Naturally, I bought a $3000 hat. (I did not do that.)
Other fun facts about Homero Ortega – they made the hat Bryan Crasnton wears in Breaking Bad. I HAVE PROOF!
Also, many movies have featured iconic hats worn by famous persons are from Homero Ortega, like a certain movie archeologist. My photo of that did not turn out, so you’ll just need to trust me on that one.
Yes, well, moving on. After my Panama Hat experience, I went and discovered more of Colonial Cuenca by visiting their open market, which was like a microcosm of Otavalo market, and wandered around an open-air mall displaying handmade crafts by local artisans. I picked up a few gifts, but what they are is a secret.
After some lunch, I took a walk along the river that flow between Old City and the newer build areas of the City, Rio Tomebamba. I was specifically looking for the bridge where Melissa used to sit when she was studying in Cuenca, 9 years ago. I did, in fact, find said bridge. OBSERVE!
After sharing the same experience with Melissa, separated only by time, I made my way back up the center of the city to visit another hat factory and take some photos of the main square before it got filled with more festival goers and firework towers for the evening. I simply spent the rest of the day meandering about the city, sightseeing.
Dinner that evening was tough as Cuenca is almost exclusively a cash only town, and I was low on cash that evening. Restaurants that took cards were more catered to tourists and almost all Italian restaurants and pizzerias. I thought about taking out some cash, but nearly every ATM I passed had people of questionable intent hanging around. I decided not to chance the prospect of getting mugged or worse and accepted dinner would be pasta or pizza.
Tuesday, while at breakfast, I met a guy slightly older than me visiting from New York. We’ll call him Jean-Luc. That’s not his real name, but it’s close enough to what his name actually was. Jean-Luc had just got into town and was looking for some things to do, and since I had just wandered the city and made a small mental list of other things I wanted to see while wandering around Monday, he and I teamed up and did some more exploring of Cuenca.
We spent the morning at a small museum that had quite the vast collection of stone tools and artifacts, including statues, bowls and, um, ‘instruments’ intended for womanly pleasure. There wasn’t a whole lot of written information, but just the number of pieces they had was overwhelming. I lost all those photos when my phone was stolen, so you’ll just have to trust me. We also went to the ruins of the Cañari people. These again weren’t much to look at, with even less information provided, so I was looking at stone walls and some holes in the ground. I think the whole place was being renovated or something, because almost all the exhibits in the attached museum were closed. So, for us, the Pumapungo Ruins were a bit of a bust.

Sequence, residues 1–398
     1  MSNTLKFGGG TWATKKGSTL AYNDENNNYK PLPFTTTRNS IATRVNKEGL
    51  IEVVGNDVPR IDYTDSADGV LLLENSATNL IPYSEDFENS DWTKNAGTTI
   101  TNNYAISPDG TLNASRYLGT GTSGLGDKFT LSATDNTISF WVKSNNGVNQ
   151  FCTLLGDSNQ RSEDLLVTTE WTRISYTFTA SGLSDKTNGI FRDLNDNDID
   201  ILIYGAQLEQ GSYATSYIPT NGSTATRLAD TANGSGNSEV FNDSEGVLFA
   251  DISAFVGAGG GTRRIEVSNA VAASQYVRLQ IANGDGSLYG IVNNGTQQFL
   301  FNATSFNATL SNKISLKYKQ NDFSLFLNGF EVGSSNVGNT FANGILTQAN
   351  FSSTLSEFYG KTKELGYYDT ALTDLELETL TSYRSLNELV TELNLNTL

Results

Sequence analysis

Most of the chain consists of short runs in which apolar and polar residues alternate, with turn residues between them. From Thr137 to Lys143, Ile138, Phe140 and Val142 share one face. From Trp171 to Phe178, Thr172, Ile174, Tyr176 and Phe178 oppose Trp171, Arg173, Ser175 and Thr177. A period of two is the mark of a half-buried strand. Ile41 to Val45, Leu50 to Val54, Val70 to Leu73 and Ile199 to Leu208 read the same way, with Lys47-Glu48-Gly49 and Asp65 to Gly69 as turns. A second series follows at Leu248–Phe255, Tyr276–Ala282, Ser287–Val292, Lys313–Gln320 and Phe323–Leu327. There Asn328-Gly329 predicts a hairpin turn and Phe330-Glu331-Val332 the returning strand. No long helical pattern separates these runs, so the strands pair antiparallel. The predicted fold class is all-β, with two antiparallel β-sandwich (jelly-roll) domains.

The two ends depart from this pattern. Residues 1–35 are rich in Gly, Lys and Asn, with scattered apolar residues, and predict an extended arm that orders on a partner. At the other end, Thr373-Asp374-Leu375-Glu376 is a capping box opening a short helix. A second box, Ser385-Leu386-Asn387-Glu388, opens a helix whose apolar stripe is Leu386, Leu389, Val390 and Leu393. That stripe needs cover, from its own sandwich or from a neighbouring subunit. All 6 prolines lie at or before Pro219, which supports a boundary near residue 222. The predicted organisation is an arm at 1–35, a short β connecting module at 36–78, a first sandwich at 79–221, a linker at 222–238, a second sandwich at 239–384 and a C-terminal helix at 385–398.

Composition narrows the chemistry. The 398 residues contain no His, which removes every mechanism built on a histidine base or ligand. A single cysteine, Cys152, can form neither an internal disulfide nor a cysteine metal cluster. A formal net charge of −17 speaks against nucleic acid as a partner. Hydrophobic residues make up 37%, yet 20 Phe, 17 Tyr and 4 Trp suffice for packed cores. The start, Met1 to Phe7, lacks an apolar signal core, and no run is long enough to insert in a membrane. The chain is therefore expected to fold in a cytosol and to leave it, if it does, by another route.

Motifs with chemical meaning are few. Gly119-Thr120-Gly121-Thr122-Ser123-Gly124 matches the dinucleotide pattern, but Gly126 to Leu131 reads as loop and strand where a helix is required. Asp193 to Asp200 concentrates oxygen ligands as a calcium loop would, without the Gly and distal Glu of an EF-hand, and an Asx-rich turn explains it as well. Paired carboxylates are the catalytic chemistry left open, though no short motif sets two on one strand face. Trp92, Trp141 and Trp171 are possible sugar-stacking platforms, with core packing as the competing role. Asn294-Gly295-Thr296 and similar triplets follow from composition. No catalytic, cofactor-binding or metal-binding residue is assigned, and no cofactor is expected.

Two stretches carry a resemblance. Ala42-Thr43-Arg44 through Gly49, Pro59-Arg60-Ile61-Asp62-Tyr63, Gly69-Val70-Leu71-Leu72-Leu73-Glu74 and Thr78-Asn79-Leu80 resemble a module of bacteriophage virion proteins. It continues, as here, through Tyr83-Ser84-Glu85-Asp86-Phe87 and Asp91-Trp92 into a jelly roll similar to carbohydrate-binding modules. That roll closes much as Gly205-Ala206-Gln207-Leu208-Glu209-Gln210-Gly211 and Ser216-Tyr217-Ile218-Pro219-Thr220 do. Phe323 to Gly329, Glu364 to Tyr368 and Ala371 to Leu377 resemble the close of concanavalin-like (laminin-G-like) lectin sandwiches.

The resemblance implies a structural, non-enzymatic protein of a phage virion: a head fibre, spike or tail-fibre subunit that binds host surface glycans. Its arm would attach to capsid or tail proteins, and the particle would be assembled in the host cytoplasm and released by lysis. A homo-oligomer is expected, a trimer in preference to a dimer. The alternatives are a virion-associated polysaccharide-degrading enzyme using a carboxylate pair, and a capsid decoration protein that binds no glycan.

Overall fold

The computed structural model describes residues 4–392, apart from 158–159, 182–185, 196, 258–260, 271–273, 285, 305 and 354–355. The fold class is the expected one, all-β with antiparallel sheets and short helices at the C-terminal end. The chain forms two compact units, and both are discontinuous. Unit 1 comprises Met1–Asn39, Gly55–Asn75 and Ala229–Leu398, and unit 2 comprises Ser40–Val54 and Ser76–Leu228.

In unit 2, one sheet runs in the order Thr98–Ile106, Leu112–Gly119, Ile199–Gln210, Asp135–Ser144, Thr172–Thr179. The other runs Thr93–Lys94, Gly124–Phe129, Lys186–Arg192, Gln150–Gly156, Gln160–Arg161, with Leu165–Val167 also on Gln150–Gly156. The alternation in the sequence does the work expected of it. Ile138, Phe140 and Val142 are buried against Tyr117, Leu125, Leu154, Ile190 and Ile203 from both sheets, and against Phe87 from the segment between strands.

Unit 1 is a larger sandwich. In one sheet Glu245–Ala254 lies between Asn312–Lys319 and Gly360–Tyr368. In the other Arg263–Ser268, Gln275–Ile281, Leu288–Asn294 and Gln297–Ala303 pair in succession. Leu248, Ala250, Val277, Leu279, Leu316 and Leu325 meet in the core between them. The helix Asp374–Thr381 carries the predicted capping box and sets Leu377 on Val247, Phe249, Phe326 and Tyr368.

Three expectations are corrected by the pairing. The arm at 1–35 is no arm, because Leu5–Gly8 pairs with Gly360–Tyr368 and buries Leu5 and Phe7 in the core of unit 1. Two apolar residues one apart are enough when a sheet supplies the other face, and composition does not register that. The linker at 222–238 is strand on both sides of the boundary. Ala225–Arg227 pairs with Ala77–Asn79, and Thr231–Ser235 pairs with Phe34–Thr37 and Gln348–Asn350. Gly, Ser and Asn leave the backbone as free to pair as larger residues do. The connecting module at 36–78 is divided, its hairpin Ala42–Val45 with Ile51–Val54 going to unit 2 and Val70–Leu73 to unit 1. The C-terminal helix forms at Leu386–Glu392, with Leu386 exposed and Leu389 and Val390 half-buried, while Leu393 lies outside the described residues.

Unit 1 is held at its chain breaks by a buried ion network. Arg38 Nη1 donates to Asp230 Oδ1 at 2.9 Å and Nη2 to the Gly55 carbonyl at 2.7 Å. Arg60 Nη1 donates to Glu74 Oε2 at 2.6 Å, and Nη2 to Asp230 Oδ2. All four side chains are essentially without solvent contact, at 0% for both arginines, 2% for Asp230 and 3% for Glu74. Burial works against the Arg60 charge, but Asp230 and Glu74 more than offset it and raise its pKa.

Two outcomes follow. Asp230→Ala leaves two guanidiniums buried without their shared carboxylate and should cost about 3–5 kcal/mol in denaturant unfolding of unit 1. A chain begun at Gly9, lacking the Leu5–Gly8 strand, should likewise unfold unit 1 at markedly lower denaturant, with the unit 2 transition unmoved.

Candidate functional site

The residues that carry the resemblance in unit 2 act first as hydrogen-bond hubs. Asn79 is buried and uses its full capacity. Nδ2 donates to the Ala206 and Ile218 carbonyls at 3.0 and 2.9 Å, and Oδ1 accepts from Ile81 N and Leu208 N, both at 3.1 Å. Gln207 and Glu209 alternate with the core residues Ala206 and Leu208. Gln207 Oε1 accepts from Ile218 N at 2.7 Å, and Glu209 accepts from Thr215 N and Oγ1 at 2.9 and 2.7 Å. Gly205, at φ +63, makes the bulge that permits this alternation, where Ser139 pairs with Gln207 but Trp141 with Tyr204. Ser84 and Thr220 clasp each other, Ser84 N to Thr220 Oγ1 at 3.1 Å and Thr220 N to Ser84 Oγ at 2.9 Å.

Just outside the city was a viewpoint called Turi that overlooked the valley Cuenca is situated in, but alas, that was also a bust, because as soon as we got there, the clouds settled in and the rain lasted the rest of the day. To make up for it, we went to this fancy pants restaurant that was one of the top-rated places to eat in Ecuador and paid a whole $12 a person for lunch. I wish fine dining in the US had the same price attached to it. Afterwards, we had ice cream sundaes, because we are adults.
Finally, Jean-Luc was interested in finding an art-gallery. One of his interests is to buy a piece of local artwork from the places he travels to. I would be interested to see his place, I’m sure he’s got a very eclectic style on display at his house, with plenty of stories to match. We found a few art galleries listed, and when we got to where they said they were, they all no longer existed. So, Tuesday in Cuenca was a bit of a bust.
We met up for dinner later in the evening for some beers and Columbian Style arepas, which are dense corn based pancake-like breads topped with meat, cheese and various other toppings. There is also a Venezuelan style of arepa which is a little less dense and filled, instead of topped, sort of like a pita pocket. That’s what I thought we were getting, I didn’t know that Columbian Style was so different. It was still delicious though. After dinner, we headed back and I took what would end up being my last hot shower until returning to Lima, then went to bed to wake up for an early morning on Wednesday.
Wednesday morning, I had breakfast with Jean-Luc then checked out and got a taxi to the airport to fly back to Quito. I could have saved a bunch of money by taking another Bus to Quito, but that was like an 8 or 9-hour bus ride and I wanted to have another afternoon to see more of Quito, so I opted for the flight.
Returning to Quito, I checked into the hostel I stayed at when I first arrived in Ecuador, the Secret Garden, and then immediately set out to see other parts of the Colonial Old Town I had not seen earlier. It turns out I had already seen most of it, so I headed back to Calle La Ronda, where the artisans were, to pick up a few gifts. As I was heading out of the last shop, I noticed some very dark clouds starting to roll in, so I opted to head back for the hostel and cut my losses. Weather and I were not getting along these past two days.